UK paper group bids to throw out Prince Harry and others' privacy lawsuits


  • MGN said the legal challenge brought up by Prince Harry warrants compensation
  • The company apologized because such conduct should never have occurred
  • MGN assured claimants that such conduct would never be repeated

Prince Harry received an apology from MGN as the phone hacking trial in London kicked off.

MGN, the publisher of Daily Mirror, Sunday Mirror and Daily Express, admitted to unlawfully gathering information (UIG) for a single instance as the phone hacking trial against it kicked off Wednesday.

"MGN unreservedly apologizes for all such instances of UIG," the British publisher said in its court filing, the BBC reported, adding that it "assures the claimants that such conduct will never be repeated."

In the filing, MGN clarified that it apologized not for "tactical" purposes but because such conduct should have never happened in the first place.

"This apology is not made with the tactical objective of reducing damages (MGN accepts that an apology at this stage will not have that effect), but is made because such conduct should never have occurred," the filing added, per CBS News.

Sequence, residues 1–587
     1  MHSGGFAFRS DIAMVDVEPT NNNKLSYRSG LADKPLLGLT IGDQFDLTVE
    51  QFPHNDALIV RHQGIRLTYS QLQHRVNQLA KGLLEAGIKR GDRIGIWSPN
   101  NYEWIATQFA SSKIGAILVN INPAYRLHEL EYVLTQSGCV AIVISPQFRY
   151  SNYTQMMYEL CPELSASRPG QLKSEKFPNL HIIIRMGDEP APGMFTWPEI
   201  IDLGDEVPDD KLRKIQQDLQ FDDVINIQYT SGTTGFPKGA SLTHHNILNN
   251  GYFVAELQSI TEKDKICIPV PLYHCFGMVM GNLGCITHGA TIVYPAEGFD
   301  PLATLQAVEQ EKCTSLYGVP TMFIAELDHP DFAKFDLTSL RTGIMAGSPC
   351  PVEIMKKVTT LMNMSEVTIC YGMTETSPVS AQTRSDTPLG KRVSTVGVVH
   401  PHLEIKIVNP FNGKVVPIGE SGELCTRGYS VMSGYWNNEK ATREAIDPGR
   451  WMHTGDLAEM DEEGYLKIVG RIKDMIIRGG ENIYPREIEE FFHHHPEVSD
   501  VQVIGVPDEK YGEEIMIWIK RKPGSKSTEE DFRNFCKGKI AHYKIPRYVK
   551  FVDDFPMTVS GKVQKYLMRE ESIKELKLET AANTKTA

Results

MGN also acknowledged that the legal challenge brought up by the Duke of Sussex "warrants compensation." An MGN journalist at The People had reportedly instructed a private investigator to gather information about Prince Harry's activities at the Chinawhite nightclub in February 2004.

The subsequent article in The People is not among the claims brought by Prince Harry. MGN also denied the allegations that it intercepted voicemails.

Prince Harry skipped the first day of trial, but his attorney Barrister David Sherborne was there to address the London court over the alleged harassment that his client endured from the media.

"We all remember the images of him walking behind his mother's coffin," Sherborne shared. "From that moment on, as a schoolboy and from his career in the army and as a young adult he was subjected, it was clear, to the most intrusive methods of obtaining his personal information. It also caused great challenges in his relationship with his ex-girlfriend Chelsy Davy and made him fear for his and her safety."

Prince Harry and Markle have at least seven lawsuits against the U.S. and U.K. media outlets since 2019. He is involved in four cases against U.K. tabloids, including the privacy lawsuit against News Group Newspapers (NGN).

In his filing, he claimed that his brother, Prince William, received "a very large sum of money" in a 2020 phone hacking settlement from Rupert Murdock's media empire. He also accused his brother of being part of an alleged deal between his family and media tormentors.

An unnamed pal of Prince William told Daily Beast that Prince Harry was cutting his ties with his big brother with his revelations.

"This is scorched earth stuff from Harry. By revealing these secrets, he is burning everything to the ground. He is making it very clear that he considers his relationship with William is over," the insider said.

Britain's Prince Harry walks outside the High Court, in London